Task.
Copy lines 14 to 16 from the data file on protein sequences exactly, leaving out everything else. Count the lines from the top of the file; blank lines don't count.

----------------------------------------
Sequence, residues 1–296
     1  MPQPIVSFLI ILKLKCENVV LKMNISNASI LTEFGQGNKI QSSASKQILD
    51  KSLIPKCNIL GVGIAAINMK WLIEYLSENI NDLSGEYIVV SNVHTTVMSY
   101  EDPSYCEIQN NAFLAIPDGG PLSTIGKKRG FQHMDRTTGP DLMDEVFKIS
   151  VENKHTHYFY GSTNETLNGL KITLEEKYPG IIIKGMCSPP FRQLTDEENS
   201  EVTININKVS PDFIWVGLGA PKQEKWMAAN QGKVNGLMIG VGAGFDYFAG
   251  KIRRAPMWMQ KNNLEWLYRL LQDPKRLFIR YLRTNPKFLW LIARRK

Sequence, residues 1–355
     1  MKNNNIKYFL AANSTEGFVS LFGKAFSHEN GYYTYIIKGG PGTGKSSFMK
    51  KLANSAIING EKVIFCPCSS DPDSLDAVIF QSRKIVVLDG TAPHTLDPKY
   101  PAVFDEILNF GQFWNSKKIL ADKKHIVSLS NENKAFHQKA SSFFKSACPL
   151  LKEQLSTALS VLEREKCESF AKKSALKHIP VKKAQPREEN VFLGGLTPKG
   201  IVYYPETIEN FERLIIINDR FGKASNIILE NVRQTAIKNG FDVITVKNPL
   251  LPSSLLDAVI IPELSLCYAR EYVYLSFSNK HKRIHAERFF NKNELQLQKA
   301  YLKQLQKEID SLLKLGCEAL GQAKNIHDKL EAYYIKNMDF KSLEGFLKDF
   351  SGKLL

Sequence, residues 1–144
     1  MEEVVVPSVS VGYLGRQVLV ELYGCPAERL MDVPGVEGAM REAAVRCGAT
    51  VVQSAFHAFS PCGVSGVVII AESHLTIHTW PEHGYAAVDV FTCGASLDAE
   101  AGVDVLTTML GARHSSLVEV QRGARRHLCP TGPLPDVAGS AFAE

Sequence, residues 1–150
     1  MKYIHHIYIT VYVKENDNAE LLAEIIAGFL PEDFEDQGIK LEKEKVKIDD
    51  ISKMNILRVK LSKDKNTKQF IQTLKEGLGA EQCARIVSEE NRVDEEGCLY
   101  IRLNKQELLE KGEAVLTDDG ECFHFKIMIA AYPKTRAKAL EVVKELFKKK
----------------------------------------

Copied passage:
   251  LPSSLLDAVI IPELSLCYAR EYVYLSFSNK HKRIHAERFF NKNELQLQKA
   301  YLKQLQKEID SLLKLGCEAL GQAKNIHDKL EAYYIKNMDF KSLEGFLKDF
   351  SGKLL